Experimenting with Deep Work
A recovering perfectionist’s trials with taking a break
In Deep Work, one of my favorite books about getting into flow, Cal Newport writes about a surprising fact: If you’re being intentional with your time and energy, and managing to get into flow often during your day or your week, you will find that the human brain is usually only capable of 4 hours of sustained deep work per day. Like, whaaat?
Side Note: Flow is defined as “a state of mind in which a person becomes fully immersed in an activity.” When you’re in the flow, you’re completely immersed in an activity. Time flies, you’re having fun, and you’re getting sh*t done.
Once I got over the realization that all of my valuable work was probably being done in a very small part of my long and busy workday, a few things came to mind:
- Many of us, including myself, have too high expectations for how much time during the day we can really be in true flow (especially doing creative work).
- So much of what we do throughout our day, where we’re feeling like we are achieving something, might be the sort of busywork that is taking a lot longer than it should or could. And, perhaps I was viewing some of these things with too much importance and I should let some of them go!
I began to pay much closer attention to what I was doing throughout the day. I batched tasks into Grooves, which help me see how much of my day was true deep work. Lo and behold, my deep work was amounting to about 3–5 hours a day, and the rest was the type of work (largely admin stuff) that didn’t require being inspired or in the flow.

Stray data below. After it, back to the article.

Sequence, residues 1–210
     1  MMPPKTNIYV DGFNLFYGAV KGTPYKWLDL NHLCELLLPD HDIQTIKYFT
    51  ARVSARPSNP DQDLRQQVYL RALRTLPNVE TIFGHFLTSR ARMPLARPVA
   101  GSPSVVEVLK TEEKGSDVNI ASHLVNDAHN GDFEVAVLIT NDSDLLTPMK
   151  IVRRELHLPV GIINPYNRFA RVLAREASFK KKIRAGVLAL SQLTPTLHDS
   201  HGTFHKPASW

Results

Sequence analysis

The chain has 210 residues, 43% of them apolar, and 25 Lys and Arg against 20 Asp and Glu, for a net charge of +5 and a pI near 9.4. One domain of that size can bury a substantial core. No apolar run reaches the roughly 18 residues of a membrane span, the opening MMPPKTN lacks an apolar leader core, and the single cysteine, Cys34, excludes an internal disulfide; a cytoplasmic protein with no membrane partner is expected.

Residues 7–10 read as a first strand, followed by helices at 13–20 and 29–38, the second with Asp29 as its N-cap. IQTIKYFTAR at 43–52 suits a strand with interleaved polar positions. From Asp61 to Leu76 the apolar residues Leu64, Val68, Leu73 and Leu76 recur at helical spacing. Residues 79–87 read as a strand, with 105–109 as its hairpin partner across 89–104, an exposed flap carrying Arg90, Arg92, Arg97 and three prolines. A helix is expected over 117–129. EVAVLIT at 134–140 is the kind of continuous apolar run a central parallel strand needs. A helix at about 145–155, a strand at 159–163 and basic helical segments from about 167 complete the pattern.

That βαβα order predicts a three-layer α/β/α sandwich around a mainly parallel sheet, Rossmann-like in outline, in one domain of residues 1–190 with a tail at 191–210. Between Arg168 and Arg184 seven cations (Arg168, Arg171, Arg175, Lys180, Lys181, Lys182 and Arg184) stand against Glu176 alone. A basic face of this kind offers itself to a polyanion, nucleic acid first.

For a recovering perfectionist and workaholic like me, this was interesting —I realized that I didn’t have to be in full-blown deep work all the time, and that I could work with my brain’s own capacity, batching creative tasks together and then giving my brain a break later on in the day — without feeling bad about my lack of “output” during that time.
Once my expectations became more realistic, my workday improved. I didn’t feel that it had to be long to be productive, as long as I was really hitting the mark during a few good hours. In fact, when I had been aiming for more hours of intense work each day, I found I was actually not in top form.
It’s a fun experiment to try and track which hours of the day you’re most likely to be in deep work, and how much time you’re actually spending there. I wonder what you’ll find!